This will most likely be your app’s Launcher Icon or another image asset that’s relevant to your app. Although you can feel free to experiment here as well!

Step 2: Creating a new style for the splash screen and setting its background

Once you’ve decided on the drawable that’s to be shown, it’s time to go into your app’s style.xml file and create a new style—let’s call it AppThemeSplash and have it extend from your parent app’s theme Theme.AppCompat.DayNight.NoActionBar.

Once the theme’s created, set its windowBackground as the drawable you’ve selected in Step 1. This is what it looks like for me:


    <style name="AppThemeSplash" parent="Theme.AppCompat.DayNight.NoActionBar">
        <!-- Whatever you set here will be shown instead of the black screen. -->
        <item name="android:windowBackground">@drawable/logo_splash</item>


The windowBackground parameter controls what’s shown instead of that blank screen. You can also set a color instead of setting a drawable. Give it a shot and see it in action

Step 3: Set the theme to your activity

Once done, you might want to set the created theme to your Main Activity’s AndroidManifest.xml file. Select the activity that’s doing the heavy lifting:

<manifest xmlns:android="http://schemas.android.com/apk/res/android"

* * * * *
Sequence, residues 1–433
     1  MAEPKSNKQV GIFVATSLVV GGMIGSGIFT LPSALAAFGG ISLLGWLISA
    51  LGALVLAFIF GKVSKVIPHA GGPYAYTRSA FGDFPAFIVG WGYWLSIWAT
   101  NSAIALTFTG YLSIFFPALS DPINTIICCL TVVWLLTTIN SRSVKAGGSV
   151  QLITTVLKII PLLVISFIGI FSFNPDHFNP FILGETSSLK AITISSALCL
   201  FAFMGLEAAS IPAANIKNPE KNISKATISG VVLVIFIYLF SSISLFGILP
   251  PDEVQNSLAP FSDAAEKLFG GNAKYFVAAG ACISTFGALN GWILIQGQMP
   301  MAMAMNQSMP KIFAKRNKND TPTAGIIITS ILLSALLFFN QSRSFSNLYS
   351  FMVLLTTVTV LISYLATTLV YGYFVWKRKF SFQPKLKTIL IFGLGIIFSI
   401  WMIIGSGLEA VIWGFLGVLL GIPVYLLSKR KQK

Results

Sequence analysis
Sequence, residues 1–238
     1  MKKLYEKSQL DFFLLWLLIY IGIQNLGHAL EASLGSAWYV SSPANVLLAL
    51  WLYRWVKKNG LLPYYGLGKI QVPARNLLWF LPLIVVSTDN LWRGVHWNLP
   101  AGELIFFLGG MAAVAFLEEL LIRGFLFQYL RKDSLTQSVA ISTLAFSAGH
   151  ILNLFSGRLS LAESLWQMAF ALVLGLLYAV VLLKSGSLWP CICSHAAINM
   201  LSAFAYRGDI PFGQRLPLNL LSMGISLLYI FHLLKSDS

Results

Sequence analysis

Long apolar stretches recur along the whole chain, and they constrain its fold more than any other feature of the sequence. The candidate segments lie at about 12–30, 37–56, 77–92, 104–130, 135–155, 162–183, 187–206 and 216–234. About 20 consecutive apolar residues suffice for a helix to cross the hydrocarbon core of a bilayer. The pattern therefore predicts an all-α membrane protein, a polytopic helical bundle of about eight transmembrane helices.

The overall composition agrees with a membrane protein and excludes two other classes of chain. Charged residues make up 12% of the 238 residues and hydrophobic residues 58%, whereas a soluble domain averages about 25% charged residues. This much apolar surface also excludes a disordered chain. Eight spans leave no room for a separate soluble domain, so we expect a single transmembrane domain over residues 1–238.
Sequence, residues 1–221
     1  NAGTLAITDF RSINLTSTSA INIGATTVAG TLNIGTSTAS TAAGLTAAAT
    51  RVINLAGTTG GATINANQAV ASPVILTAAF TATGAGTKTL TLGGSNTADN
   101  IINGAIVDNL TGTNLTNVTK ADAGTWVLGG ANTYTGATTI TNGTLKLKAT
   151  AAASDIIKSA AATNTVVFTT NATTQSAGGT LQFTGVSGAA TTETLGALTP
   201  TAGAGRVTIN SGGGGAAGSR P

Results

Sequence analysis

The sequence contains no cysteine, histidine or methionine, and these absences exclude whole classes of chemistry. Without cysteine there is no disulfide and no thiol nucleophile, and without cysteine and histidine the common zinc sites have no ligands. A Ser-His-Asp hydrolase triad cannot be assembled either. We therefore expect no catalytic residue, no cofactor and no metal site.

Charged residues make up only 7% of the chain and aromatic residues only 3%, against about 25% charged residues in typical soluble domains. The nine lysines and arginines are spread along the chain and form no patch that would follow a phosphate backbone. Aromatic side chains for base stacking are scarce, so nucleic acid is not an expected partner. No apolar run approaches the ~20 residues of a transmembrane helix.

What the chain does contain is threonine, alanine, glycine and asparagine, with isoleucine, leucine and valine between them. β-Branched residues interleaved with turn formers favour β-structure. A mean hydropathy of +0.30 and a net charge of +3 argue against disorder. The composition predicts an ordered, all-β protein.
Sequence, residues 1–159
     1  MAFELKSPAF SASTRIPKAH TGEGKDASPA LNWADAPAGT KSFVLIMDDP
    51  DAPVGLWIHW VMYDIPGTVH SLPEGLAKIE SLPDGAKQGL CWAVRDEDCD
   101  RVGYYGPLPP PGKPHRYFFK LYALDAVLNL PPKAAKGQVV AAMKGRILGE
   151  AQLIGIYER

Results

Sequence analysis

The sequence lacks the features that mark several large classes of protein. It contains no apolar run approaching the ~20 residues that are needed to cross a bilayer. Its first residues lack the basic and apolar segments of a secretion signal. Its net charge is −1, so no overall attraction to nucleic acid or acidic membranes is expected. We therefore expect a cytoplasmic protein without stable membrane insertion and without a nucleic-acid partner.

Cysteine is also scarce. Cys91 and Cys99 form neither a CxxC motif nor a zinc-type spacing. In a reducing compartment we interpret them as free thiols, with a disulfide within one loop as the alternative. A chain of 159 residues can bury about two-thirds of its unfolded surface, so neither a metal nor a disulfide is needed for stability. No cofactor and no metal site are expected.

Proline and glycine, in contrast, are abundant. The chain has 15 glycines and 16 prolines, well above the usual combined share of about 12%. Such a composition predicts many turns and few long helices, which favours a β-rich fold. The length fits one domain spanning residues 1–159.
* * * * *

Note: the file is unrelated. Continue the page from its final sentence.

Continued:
// set the theme here
                <action android:name="android.intent.action.MAIN" />
                <category android:name="android.intent.category.LAUNCHER" />


If you now start the app, this is what you see instead of the dull blank screen:

Something here doesn’t look right! The image is stretched throughout the screen and looks quite ugly. Let’s see how we can fix this.

Step 4: Fixing the distorted icon with a layer-list drawable

To do this, create a new drawable in your app’s res-drawable folder. Once done, define a <layer-list> element. This element allows us to add more drawables inside it and customize their look and feel.

Inside this element, we’ll add 2 items: one will be our original drawable with a center gravity so that it’s confined to the center of the screen; and another element that will define the background color of the splash screen (it’s black currently, but let’s make it so that it falls in line with the background color of our app):

<?xml version="1.0" encoding="utf-8"?>
<layer-list xmlns:android="http://schemas.android.com/apk/res/android">

    <item android:drawable="@color/bgColor" />
            <!-- Our original drawable -->
            android:src="@drawable/after_splash" />


Once done, update the value of android:windowBackground in your styles.xml file with this new drawable.

And that’s it! On running the app, this is what you’ll see:

As you can see, users are now greeted with your app’s icon instead of the blank screen. You can add more customizations to this drawable, like such as text that communicates something important to your users—and much more!


In this post, we saw how correctly implement splash screens so that they not only fulfill their purpose but also don’t take more time or resources than needed. It always makes sense to have some sort of fallback like this in your app so that it doesn’t seem unresponsive in scenarios where either the phone’s memory is low or the app is running on a low-end device.